Prior to the onset of the COVID-19 pandemic, telehealth and virtual medical visits had already emerged as a healthcare option, starting in the early 2010s with the adoption of electronic health records (EHRs), but growth in usage was limited. In January 2020, less than 1% of primary care visits by Medicare patients were performed virtually. A major reason: the Center for Medicare and Medicaid Services (CMS) only reimbursed telehealth technology and virtual visits to designated rural areas and specific medical facilities. CMS also covered only certain types of medical practitioners and reimbursed virtual visits at lower rates than in-office ones.
With the pandemic’s onset and a declaration of a public health emergency in the United States, the situation changed as a result of efforts to limit public exposure to the rapidly spreading virus. The US federal government issued waivers that lowered barriers to the use of telehealth for Medicare patients, including removal of geographical restrictions, expanding the types of telehealth services that could be reimbursed, and instituting reimbursement parity between virtual and in-office care. State licensing requirements for many health care professionals were also eased to make it simpler for patients to access care virtually across state lines. By April 2020, around half of all Medicare visits had become virtual, and a report by the insurer United Health Group found that telehealth usage rose from 1.2 million visits in 2019 to over 34 million by the end of 2020.
A similar rise in telehealth has taken place in Europe, especially in the United Kingdom as well as Germany, France, and Norway, facilitated by policy changes at the member state and European Union levels. For example, Germany passed legislation allowing doctors to conduct about a third of health care visits by video calls outside of normal office hours and extended the ability to employ such practices to other medical professionals, such as midwives. The European Commission also adopted recommendations to permit the exchange of electronic health records across borders, and now at least 22 member states exchange EHRs, facilitating cross-border virtual care.
Today, even as pandemic restrictions wind down in many regions, the use of telehealth continues to expand. According to an Amwell survey, 76 percent of US patients expect to use telehealth services at the same level or more frequently than they did before the pandemic, and 92 percent of physicians said the same. Analysts at Fortune Business Insights project growth for the global telehealth market to US $185.6 billion by 2026, more than tripling in value from US $41.6 billion in 2019.
The rise of telehealth offers several advantages beyond reducing infection risk in seeking care. It has lowered barriers to care for patients with limited mobility or access to transportation infrastructure and has allowed health care practitioners to work independently with a more family-friendly schedule. Most importantly, it has increased healthcare efficiency overall, especially providing for more regular care for individuals with chronic conditions and improving continuity of care for those requiring day-to-day attention at a lower cost than hospitalization.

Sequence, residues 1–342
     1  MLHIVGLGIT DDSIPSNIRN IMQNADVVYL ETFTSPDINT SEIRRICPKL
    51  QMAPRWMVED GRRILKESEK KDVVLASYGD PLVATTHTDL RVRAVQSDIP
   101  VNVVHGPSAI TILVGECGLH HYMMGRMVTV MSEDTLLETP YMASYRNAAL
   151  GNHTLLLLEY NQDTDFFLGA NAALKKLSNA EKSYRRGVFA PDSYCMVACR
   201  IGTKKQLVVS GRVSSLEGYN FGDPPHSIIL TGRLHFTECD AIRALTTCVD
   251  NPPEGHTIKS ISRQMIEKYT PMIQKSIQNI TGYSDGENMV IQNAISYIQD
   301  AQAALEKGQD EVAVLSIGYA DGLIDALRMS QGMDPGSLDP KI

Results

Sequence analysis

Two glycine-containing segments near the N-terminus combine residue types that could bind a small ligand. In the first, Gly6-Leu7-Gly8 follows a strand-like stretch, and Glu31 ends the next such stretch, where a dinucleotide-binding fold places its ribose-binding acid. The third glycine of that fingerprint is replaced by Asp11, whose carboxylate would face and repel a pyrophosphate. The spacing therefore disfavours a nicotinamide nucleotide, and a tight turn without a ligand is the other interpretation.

However, significant challenges to the continued growth of telehealth remain. Obtaining reimbursement for such services is still a major concern. The expansion of Medicare’s telehealth coverage was intended to expire 151 days after the end of the COVID-19 public health emergency, which was most recently renewed in April 2022. Policymakers are currently considering a variety of proposals to extend and potentially expand some or all of the existing flexibilities around telehealth services under Medicare. Without such changes, the waivers covering telehealth are due to expire, and beneficiaries in traditional Medicare programs could lose access to most services except for mental health needs.
The digital divide is another challenge to telehealth expansion and leads to inequity in patients’ ability to access telehealth. Studies have shown that older, black, or Hispanic patients are less likely to use telehealth than their white or Asian peers. Digital barriers include the reality that not every patient has access to a smartphone or computer, and the broadband services required for many applications are still lacking in some areas. Additionally, considerations of privacy and security regarding sensitive medical conditions and personal data still affect many patients’ willingness to access care electronically.
Finally, not every health care visit is amenable to telehealth methods. While patients and doctors alike have become comfortable with using telehealth for prescription renewals and regular chronic care checkups, such methods have been less acceptable for urgent care and new patient visits. In addition, methods for administering vaccinations and collecting biological samples remotely may eventually become more widely available, but today these activities still typically require in-office care.
Overall, we expect telehealth usage to continue to expand. However, the rate of growth is likely to be slower than it has been during the pandemic. “Early adopters” are already comfortable with this approach to care. To spur further uptake, reimbursement barriers must be addressed, more health care providers must gain digital expertise, and more health care sites need to adopt the necessary technology to facilitate telehealth approaches. In addition, a greater number of patients will need to obtain easier, more equitable access to digital technology and become more comfortable with virtual care.